Could some of our most common household products be slowly poisoning us? That’s a question currently being researched by the Washington State Department of Ecology.
In a report to the Washington State Legislature, the department has compiled a list of 11 categories of routine household products that contain potentially dangerous chemicals.
“There is very little oversight when products make it to a shelf,” said Lauren Tamboer, communications consultant for the Hazardous Waste and Toxics Reduction Program. “It’s hard to test everything that is sold on the market, and we’re really trying to catch up with the toxics research.”
These products can include everyday items such as upholstered furniture, mattress pads, curtains, food and drink cans, laundry detergent, vinyl flooring, and cosmetics or toiletries — especially those with fragrances, as potentially dangerous chemicals can be used to make scents last longer.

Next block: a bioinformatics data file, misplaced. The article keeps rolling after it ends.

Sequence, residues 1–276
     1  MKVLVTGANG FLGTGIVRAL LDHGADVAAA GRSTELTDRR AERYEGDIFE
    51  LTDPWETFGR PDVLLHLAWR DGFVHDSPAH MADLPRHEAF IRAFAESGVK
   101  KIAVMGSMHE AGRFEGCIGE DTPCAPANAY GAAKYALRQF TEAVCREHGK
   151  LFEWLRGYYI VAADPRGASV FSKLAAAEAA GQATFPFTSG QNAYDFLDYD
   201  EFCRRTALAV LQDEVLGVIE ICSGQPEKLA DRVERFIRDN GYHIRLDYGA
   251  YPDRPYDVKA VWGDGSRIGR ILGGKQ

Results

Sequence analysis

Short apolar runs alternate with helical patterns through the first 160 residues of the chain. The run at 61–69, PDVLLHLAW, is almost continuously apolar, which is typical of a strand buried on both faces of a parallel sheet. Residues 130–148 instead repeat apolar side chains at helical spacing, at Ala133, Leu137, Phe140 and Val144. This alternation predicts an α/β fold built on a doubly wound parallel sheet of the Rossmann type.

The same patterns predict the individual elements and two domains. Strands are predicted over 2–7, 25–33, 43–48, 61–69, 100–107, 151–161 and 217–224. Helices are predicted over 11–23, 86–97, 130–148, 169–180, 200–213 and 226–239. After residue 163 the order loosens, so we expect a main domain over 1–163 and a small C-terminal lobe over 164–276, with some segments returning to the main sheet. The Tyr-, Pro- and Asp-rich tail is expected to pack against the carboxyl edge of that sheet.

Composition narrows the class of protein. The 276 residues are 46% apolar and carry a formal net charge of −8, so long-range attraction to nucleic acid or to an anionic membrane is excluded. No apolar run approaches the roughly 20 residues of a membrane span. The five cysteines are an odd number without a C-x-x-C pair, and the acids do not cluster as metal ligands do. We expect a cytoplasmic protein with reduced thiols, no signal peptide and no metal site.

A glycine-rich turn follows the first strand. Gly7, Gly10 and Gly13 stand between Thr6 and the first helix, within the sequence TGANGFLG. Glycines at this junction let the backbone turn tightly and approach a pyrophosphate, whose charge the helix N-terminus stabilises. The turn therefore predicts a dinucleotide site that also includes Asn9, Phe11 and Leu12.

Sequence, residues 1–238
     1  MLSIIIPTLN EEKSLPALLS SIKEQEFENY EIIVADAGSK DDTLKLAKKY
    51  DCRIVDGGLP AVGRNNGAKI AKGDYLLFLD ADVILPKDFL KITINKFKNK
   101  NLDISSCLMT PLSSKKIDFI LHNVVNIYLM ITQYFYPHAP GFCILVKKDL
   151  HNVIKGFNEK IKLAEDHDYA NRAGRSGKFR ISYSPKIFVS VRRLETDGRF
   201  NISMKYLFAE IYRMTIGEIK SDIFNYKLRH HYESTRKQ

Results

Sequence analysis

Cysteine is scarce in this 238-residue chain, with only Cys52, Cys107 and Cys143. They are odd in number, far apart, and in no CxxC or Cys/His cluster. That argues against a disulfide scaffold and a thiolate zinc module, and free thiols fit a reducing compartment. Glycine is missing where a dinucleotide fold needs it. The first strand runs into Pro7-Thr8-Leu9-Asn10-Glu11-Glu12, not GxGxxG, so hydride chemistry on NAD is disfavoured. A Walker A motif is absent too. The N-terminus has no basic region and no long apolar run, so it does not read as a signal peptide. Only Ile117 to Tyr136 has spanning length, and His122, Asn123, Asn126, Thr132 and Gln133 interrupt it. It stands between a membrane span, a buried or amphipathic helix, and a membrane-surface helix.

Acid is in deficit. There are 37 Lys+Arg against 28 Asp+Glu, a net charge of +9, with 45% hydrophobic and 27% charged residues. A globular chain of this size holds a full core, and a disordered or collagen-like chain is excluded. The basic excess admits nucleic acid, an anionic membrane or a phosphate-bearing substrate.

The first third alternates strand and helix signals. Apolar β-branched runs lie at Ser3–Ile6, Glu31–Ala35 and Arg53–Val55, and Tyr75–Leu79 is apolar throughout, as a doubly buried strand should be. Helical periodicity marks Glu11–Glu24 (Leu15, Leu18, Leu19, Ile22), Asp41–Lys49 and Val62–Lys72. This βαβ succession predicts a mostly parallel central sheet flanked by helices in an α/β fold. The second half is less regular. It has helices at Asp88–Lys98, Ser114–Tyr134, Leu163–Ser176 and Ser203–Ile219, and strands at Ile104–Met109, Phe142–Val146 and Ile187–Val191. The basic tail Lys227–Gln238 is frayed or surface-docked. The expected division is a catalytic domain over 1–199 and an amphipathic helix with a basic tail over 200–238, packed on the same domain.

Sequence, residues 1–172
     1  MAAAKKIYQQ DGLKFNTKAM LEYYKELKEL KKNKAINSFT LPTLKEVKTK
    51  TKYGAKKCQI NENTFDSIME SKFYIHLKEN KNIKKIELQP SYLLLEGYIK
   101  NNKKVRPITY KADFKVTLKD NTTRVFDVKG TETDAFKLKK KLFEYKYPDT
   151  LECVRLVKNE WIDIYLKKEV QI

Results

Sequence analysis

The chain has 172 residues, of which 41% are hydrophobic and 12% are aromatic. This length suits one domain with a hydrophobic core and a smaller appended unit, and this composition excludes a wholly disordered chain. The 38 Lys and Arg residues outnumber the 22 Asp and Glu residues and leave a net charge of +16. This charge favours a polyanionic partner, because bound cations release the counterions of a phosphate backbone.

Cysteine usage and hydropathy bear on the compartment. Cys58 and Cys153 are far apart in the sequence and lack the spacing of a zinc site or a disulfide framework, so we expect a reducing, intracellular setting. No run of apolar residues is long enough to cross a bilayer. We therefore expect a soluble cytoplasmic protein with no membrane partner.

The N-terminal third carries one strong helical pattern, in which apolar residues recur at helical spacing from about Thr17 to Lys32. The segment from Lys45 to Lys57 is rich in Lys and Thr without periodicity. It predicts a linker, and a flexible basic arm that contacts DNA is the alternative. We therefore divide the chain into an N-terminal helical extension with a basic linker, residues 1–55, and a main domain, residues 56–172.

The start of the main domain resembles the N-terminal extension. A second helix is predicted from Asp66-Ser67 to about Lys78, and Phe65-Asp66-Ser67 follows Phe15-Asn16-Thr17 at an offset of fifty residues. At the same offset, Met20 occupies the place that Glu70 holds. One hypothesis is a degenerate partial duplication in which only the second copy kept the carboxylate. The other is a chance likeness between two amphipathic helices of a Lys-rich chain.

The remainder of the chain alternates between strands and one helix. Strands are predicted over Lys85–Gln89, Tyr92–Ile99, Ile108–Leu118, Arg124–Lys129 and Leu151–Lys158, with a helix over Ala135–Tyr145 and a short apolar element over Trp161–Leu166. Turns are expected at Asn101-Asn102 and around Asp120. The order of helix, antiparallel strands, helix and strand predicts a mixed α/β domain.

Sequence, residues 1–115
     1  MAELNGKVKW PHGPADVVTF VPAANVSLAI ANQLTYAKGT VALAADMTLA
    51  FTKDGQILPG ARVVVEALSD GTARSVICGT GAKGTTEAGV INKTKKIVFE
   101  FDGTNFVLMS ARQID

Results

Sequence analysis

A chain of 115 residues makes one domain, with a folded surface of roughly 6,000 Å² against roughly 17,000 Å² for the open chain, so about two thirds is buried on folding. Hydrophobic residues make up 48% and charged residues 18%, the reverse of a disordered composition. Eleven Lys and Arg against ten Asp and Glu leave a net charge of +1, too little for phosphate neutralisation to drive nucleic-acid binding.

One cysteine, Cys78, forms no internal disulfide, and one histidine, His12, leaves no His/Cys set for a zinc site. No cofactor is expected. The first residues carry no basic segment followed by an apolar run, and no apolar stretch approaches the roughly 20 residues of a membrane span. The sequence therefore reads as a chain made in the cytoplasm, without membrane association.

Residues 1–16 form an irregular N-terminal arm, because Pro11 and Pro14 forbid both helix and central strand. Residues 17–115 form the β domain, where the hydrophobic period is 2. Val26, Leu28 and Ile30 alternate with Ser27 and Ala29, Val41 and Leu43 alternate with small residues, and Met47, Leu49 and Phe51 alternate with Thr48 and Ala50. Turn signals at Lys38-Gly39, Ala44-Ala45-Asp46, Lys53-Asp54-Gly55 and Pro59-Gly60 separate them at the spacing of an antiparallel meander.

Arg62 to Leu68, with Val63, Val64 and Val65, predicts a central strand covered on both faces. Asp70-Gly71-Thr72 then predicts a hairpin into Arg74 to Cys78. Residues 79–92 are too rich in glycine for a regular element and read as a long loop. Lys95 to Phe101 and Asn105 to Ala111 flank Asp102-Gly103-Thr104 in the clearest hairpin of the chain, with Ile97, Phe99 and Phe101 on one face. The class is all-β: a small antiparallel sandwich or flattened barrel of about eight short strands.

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Prolonged exposure to the chemicals can lead to health consequences like cancer, liver and kidney problems, and hormone issues.
“Some really common household products that we interact with pretty frequently unfortunately do contain levels of toxic chemicals,” Tamboer said. “And what we’re trying to figure out is, do we need to regulate those chemicals in order to protect people in Washington and to protect sensitive species like our orcas and our salmon?”
The department will spend the next two years doing research to see if these chemicals should be regulated or altogether replaced with safer alternatives. New rules and limitations would apply to any product sold in Washington, even if

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